AXES

“Just Google It” Abstract

In the summer of 2012, we held a survey amongst scholars, inquiring about their online search practices. The results of this survey were presented in September 2012 at the Digital Humanities Congress Sheffield, titled “Mapping the Use of Digital Sources Amongst Humanities Scholars in the Netherlands“. This August, we hope to publish a (first) paper about the results of this survey in the then launching online journal Studies in the Digital Humanities. This journal will be Open Access, additionally we will make the manuscript available Open Access at the Erasmus University Library RePub, and will publish the survey data Open Access at DANS. I’ll provide the links later on the Publications page.
This paper was co-authored with Martijn Kleppe and Stef Scagliola. Below I provide the abstract we submitted, which undergo some modifications before publication.

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blogposts

eHumanities Workshop Soeterbeeck: More Digital Than Humanities

On 13-14 June the Radboud University Nijmegen and the eHumanities group from KNAW co-organized the eHumanities workshop Soeterbeeck. This very nice mid-sized workshop with under 50 participants staying in the beautiful monastery Soeterbeeck in Ravenstein included very interesting invited-talks as well as a nice postersession where we presented the PoliMedia project. However, the workshop also demonstrated that so far the Digital Humanities is more Digital than Humanities.

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AXES

Abstracts for Theory and Practice of Digital Libraries

The following are two abstracts that have been accepted for poster presentations at Theory and Practice of Digital Libraries (September 22-26, Valetta, Malta). Both are abstracts for papers of four pages, which will be published in conference proceedings by Springer Lecture Notes in Computer Science (LCNS). We will make the manuscripts available Open Access at the Erasmus University Library RePub, and will publish the eye tracking data Open Access at DANS, I’ll provide the links later on the Publications page.

Update (05-09-2013): papers and data have been published, see below.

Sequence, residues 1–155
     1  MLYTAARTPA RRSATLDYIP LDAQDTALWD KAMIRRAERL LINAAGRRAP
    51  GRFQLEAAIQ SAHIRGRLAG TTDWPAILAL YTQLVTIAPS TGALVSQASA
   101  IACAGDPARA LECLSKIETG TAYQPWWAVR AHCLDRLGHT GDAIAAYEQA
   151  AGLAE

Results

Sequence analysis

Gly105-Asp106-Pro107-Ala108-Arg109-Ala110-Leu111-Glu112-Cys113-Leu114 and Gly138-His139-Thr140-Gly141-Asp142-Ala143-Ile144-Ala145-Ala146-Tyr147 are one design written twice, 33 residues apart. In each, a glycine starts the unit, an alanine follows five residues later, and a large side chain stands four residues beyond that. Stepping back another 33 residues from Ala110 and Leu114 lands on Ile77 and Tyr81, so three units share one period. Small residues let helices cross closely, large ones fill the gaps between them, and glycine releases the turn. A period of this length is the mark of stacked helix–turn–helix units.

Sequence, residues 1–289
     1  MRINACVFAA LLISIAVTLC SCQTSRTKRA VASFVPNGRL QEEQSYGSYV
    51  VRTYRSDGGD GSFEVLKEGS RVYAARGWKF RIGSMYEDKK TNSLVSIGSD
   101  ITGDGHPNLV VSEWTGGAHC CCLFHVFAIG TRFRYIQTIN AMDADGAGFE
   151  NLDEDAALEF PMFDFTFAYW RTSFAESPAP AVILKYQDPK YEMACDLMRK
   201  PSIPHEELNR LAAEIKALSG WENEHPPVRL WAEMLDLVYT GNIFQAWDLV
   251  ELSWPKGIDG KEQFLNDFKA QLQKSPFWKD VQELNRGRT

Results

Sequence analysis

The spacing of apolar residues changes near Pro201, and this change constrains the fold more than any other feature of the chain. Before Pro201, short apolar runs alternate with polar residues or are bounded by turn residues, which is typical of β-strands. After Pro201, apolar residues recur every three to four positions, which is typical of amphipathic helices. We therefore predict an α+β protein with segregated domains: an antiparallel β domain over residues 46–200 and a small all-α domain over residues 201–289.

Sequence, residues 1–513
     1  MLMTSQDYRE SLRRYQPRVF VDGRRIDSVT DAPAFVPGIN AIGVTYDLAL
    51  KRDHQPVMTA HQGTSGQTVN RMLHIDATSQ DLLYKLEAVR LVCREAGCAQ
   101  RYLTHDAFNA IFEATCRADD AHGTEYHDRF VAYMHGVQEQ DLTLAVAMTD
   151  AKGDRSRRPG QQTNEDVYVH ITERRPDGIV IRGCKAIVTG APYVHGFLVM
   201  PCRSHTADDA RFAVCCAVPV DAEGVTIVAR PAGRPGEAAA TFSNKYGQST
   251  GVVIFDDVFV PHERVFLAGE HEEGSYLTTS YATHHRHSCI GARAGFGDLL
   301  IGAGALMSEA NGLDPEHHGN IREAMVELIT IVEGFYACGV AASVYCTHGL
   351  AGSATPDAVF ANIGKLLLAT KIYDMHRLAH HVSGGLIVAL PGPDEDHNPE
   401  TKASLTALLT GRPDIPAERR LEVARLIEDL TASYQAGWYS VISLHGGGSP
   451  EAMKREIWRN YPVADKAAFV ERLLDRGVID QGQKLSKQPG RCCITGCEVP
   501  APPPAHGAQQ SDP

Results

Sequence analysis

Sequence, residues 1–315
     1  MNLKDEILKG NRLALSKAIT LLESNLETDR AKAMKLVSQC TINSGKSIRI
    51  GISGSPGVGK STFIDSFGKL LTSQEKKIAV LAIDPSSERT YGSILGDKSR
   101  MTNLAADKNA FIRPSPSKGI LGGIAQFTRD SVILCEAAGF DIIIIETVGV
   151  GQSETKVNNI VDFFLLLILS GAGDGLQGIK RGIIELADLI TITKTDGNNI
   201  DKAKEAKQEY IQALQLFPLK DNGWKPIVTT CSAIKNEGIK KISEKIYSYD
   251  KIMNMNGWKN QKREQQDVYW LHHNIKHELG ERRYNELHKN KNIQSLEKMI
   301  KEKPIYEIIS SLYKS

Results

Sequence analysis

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conferences

Is sloppy science an institutional issue?

On wednesday June 5th I attended the Erasmus Graduate School of Social Sciences and the Humanities symposium “How to prevent sloppy science? Defining good conduct in science“. This symposium offered much promise with keynotes by prof. Kees Schuyt and dr. Peter Verkoeijen, but eventually did little in defining what this good conduct in science actually is or should be.

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blogposts

Searching in Oral History collections; perspectives and user wishes

In an earlier blogpost, I described a call asking for scholars interested in being part of a focus group in the development of an Oral History (OH) search interface. This call was also sent by email to 113 scholars in our network, after which fifteen people responded to our e-mail (13.2% response-rate, not bad), and one more scholar responded after being tipped by another scholar. In the past two weeks, I’ve interviewed these fifteen scholars via Skype and phone.

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conferences

Building the PoliMedia search system; data- and user-driven

polimedia data and user driven
On Thursday 18 April 2013, Laura Hollink and I presented the PoliMedia project at the e-Humanities “New trends in e-Humanities meeting. As Laura’s main research interest in the PoliMedia project was aimed at the links between political debates and media, while mine was at the user requirements and usability, we decided to present PoliMedia from the data- and user-driven research perspectives.

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Oral History Today

How to search Oral History collections?

OHT-logoOral History provides a specific type of data to be explored. Unlike general audiovisual collections as researched in AXES, Oral History collections contain interviews with people who experienced a certain historical event. For example, the collection for the Interview Project Dutch Veterans contains 1,000 interviews with Dutch veterans who’ve served in wars ranging from the Second World War to the war in Afghanistan. Such interviews can be analysed by historians to learn not only what an event meant on a macro level, but how it was experienced by the people undergoing these events.

Oral History collections as these provide an interesting perspective for research, as the collections are sizable, have a clear theme, usually decent metadata, and sometimes transcripts of the full interview. Researchers can use these interviews to pick fragments to provide quotes as illustration to a point, or can search to analyse how different people perceived an event; do men and women talk differently about it, what did it this event mean for common people?

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conferences

CLARIAH – Building tools for structured, textual and audio-visual data

On Tuesday March 11th, the CLARIAH project organized a kick-off meeting at the Meerten’s Institute in Amsterdam to present the five chosen projects.

CLARIAH is a contamination of DARIAH and CLARIN, combining the goals of the two projects. Although CLARIAH did not receive the funding it requested, it did receive a million euros of ‘seed capital‘ to keep the proposal going and build a showcase of why CLARIAH is of importance. To achieve this, five projects will build demonstrators to showcase the aims of CLARIAH, as well as show the technological possibilities pursued. Although the presentations were short, filled with acronyms and the projects are still in their infancy, I’ll try to write a short summary of what the projects were about.

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